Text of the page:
• When can I get back to normal life after the vaccination? Life will only get back to normal once society as a whole receives adequate protection against the coronavirus. Once countries have approved a vaccine, they can only vaccinate a few percent of their citizens in the first few months. The unvaccinated majority remain susceptible to infection. A growing number of coronavirus vaccines show robust protection against disease. However, it is also possible that people spread the virus without knowing they are infected because they have mild symptoms or no symptoms at all. Scientists don’t yet know whether the vaccines will also block the transmission of the coronavirus. Even vaccinated people have to wear masks for the time being, avoid the crowds indoors and so on. Once enough people are vaccinated, it becomes very difficult for the coronavirus to find people at risk to become infected. Depending on how quickly we as a society achieve this goal, life could approach a normal state in autumn 2021.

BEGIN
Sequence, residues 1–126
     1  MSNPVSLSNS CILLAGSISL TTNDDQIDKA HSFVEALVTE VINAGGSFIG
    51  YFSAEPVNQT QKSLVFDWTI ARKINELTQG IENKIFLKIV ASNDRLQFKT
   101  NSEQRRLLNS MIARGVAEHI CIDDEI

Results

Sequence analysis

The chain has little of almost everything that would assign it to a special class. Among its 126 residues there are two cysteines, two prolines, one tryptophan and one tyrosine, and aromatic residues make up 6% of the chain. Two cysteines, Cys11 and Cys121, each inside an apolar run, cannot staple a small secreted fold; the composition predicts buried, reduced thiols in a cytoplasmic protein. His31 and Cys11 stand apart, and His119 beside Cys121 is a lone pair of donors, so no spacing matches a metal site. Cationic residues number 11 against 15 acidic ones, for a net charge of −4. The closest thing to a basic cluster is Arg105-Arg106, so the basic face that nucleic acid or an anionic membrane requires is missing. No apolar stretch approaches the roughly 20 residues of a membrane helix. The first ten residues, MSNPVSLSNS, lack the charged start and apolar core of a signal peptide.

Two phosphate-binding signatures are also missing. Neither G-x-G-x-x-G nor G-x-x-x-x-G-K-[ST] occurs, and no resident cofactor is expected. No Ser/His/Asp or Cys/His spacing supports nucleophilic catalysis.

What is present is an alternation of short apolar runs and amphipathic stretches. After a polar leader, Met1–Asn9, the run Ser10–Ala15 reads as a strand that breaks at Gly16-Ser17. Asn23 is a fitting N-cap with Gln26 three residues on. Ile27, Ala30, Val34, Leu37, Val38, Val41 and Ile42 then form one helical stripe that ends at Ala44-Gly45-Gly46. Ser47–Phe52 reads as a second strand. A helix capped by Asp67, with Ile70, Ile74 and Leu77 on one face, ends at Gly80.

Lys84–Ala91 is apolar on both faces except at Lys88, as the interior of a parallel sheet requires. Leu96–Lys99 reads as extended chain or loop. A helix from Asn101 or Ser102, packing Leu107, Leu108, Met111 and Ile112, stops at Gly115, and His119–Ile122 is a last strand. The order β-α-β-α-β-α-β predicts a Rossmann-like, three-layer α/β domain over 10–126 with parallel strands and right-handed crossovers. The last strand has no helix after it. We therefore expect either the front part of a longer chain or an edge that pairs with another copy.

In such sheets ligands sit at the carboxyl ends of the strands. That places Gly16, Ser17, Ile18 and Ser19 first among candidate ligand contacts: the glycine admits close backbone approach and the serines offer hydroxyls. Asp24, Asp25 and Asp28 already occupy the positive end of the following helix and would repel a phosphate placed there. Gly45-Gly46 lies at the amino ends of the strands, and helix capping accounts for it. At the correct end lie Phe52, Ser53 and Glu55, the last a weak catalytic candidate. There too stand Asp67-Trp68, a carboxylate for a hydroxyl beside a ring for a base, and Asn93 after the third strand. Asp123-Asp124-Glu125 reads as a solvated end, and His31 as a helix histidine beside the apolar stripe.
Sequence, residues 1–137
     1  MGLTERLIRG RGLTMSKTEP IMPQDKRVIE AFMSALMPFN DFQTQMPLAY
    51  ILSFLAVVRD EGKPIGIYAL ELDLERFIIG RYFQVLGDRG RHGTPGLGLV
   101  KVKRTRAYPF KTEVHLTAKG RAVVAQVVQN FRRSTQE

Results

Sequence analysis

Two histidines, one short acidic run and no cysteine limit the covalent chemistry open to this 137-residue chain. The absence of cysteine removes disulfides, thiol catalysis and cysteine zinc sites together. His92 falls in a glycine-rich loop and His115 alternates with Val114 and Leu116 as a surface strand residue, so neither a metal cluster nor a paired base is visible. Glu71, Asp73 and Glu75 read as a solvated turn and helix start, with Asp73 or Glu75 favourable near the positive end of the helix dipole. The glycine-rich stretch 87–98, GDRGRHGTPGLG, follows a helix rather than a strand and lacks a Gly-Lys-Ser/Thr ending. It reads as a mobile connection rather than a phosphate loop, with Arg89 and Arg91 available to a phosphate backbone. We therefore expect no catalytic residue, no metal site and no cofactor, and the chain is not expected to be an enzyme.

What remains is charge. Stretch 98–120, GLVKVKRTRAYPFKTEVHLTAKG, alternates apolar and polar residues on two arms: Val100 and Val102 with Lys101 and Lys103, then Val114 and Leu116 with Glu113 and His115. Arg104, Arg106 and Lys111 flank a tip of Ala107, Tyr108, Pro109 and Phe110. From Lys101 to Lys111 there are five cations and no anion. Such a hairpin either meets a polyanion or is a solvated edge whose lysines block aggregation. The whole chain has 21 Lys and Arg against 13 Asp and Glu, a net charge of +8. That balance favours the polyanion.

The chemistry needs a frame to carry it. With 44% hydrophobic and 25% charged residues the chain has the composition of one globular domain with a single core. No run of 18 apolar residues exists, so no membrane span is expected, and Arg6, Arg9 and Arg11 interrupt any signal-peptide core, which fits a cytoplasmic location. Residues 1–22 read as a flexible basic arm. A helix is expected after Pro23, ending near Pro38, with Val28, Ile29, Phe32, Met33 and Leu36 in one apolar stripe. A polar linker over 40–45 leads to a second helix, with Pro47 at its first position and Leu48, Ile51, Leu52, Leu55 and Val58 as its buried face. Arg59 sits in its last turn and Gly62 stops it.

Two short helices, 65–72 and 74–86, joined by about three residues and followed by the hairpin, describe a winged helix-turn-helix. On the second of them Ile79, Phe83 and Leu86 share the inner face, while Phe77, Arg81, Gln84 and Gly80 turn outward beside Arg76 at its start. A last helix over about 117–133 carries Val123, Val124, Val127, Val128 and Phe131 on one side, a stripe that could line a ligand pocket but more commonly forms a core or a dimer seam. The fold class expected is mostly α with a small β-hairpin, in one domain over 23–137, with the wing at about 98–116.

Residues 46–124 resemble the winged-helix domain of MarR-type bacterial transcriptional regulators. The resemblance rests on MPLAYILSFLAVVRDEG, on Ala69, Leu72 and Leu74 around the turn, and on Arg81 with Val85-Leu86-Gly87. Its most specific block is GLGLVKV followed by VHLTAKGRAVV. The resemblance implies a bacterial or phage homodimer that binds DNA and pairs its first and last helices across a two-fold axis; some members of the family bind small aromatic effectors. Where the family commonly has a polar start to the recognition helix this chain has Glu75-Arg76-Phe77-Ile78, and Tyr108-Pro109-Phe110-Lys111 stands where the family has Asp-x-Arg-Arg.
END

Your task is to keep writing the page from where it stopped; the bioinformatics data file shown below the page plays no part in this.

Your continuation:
• Do I still have to wear a mask after the vaccination? Yeah, but not forever. Here’s why. The coronavirus vaccines are injected deep into the muscles and stimulate the immune system to produce antibodies. This seems to be sufficient protection to protect the vaccinated person from disease. What is not clear, however, is whether it is possible for the virus to bloom in the nose – and sneeze or exhale to infect others – even if antibodies have been mobilized elsewhere in the body to prevent that vaccinated person gets sick. The vaccine clinical trials were designed to determine if people who were vaccinated are protected from disease – not to find out if they can still spread the coronavirus. Based on studies of flu vaccines and even patients infected with Covid-19, researchers have reason to hope that people who are vaccinated will not spread the virus, but more research is needed. In the meantime, everyone – including those who have been vaccinated – must imagine themselves as possible silent shakers and continue to wear a mask. Read more here.